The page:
This is the kind of environment that rewards the creative thinker. Oblique targeting is all about unearthing new pockets of leads in cobwebby corners or down grassy cul-de-sacs. If priced out of targeting law students directly (say by targeting university degree), how else can the marketer reach that same audience? This requires that the marketer imagine what it’s like to be a member of that audience: What magazines, books, and blogs do law students read? What movies do they watch? What institutions are they members of? What tangential interests do they tend to have? Eventually the marketer will shout “Eureka” at having found some clever way to target by configuring some oddball combination of controls in their advertising cockpit. For example, the marketer realises that law students often engage in a special form of debating just for lawyers-in-training (“mooting”), and this realisation can be leveraged by targeting anything and everything related to it.
This kind of oblique targeting may not be as cost-effective as targeting directly, but it might nevertheless be profitable enough to be worth doing.
Some sets are easier to define in terms of what they don’t contain instead of what they do contain. When someone loses the “Q” tile in Scrabble, they don’t complain that they only have “9 A tiles, 2 B tiles, 2 C tiles…” remaining. They simply say, “The Q is gone”.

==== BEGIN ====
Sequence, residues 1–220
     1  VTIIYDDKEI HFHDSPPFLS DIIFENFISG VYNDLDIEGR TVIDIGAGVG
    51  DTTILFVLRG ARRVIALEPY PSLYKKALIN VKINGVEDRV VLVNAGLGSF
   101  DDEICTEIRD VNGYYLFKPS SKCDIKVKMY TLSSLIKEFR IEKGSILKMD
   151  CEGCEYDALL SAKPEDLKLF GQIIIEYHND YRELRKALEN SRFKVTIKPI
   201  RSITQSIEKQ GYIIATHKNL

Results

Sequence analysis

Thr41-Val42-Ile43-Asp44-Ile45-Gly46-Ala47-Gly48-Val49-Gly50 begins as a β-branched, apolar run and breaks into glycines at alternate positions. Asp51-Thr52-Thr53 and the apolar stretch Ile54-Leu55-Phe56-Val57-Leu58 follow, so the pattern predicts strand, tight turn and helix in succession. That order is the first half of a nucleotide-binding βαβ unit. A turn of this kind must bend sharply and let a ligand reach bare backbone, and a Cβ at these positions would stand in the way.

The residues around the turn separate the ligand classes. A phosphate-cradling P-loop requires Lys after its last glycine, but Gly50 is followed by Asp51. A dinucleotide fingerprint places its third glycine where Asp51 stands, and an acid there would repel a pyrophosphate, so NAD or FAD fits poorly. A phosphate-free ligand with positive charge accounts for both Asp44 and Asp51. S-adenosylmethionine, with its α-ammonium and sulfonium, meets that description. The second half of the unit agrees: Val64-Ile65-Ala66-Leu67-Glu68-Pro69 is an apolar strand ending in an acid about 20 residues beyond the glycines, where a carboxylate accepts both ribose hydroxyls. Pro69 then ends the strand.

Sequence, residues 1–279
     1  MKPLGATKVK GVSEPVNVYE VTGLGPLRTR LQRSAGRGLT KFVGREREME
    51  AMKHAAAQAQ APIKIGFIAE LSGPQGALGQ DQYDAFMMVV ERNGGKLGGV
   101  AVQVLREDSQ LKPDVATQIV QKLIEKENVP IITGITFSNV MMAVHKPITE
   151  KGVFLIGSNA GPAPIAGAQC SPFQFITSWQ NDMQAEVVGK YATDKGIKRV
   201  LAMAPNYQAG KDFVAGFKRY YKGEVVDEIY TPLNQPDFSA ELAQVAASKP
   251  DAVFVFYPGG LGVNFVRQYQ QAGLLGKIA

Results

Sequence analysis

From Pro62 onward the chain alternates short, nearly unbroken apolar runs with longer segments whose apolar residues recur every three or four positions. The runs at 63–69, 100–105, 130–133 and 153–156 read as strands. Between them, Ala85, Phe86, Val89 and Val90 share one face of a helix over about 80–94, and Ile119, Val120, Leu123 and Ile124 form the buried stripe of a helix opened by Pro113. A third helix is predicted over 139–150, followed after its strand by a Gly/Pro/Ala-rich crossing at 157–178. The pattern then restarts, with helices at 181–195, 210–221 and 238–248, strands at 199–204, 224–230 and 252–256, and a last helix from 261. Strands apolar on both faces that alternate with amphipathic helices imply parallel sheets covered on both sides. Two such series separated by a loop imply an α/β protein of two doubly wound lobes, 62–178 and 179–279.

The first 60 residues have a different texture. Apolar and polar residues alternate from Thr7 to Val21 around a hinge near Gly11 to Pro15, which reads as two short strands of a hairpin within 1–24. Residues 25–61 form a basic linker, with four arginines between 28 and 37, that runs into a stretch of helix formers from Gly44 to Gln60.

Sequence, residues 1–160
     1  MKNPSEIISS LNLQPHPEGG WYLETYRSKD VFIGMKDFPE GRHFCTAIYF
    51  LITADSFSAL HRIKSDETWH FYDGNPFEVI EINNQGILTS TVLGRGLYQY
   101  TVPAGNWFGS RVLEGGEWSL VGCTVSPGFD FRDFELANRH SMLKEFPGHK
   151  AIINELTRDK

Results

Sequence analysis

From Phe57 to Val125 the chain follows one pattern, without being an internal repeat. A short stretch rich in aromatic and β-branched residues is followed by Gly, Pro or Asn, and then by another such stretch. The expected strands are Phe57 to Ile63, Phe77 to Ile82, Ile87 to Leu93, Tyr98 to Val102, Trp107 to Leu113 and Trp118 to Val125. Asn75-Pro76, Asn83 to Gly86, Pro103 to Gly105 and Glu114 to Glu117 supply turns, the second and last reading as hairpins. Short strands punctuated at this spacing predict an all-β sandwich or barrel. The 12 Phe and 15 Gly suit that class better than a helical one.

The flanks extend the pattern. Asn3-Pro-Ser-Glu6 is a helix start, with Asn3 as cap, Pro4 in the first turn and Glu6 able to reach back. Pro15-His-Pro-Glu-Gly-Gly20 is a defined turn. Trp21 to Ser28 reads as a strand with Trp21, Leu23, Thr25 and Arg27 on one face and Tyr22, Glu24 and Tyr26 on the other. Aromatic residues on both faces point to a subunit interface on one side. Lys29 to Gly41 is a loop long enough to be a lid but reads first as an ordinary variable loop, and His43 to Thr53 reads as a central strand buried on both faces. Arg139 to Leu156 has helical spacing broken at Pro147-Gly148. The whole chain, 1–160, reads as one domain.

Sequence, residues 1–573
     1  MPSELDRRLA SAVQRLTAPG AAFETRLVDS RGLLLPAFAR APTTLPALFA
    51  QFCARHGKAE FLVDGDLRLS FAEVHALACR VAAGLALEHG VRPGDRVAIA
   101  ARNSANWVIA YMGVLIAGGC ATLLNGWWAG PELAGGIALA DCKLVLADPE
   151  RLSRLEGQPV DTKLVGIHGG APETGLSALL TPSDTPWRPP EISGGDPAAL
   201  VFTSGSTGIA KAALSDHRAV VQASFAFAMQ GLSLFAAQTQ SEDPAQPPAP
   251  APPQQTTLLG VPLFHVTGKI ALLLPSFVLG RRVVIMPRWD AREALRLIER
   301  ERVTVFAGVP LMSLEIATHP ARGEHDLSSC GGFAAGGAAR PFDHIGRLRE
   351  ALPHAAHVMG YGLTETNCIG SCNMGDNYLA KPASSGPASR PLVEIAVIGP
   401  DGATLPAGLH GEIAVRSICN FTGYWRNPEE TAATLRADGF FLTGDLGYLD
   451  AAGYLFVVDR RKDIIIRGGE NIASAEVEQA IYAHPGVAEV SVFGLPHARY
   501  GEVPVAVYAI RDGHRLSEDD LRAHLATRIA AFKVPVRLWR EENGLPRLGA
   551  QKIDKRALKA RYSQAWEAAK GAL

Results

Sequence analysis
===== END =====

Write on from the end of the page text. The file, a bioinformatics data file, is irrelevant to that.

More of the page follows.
Negative targeting is a bit like this. Instead of defining who your intended audience are, you define who they are not. This is awfully useful.
For one, negative targeting is used to describe sets of customers that are impossible to describe with the available positive targeting options. If there is no option to target people who are “single”, you could reach much of the same group by negatively targeting people who are “married”. If there is no option to target people who don’t watch TV, you could (theoretically) negatively target those that show no signs of interest in TV or TV shows.
In other situations, negative targeting can be used to ease the administrative entry of targeting configurations that would be awkward to describe in the positive. Without negative targeting, anyone who wants to target people living outside the USA would have to spend an hour in the advertising editor exhaustively listing every country other than the USA.
Another use-case for negative targeting is to fine-tune overeager positive targeting so as to better focus advertising budget on the underlying intended audience. In Google AdWords, negative keywords act like fussy editors who scrutinise and double-check targetings suggested by positive keywords. For example, a sweet shop owner who positively targets the (broad match) keyword “candy shop” will waste money on people looking up the 50 Cent rap song of the same name. By adding negative keywords related to the artist names or to the music domain (such as “50 Cent”, “Olivia”, “song”, “listen”, “youtube”, ”music”, etc.), the sweet shop owner streamlines her targeting and saves money.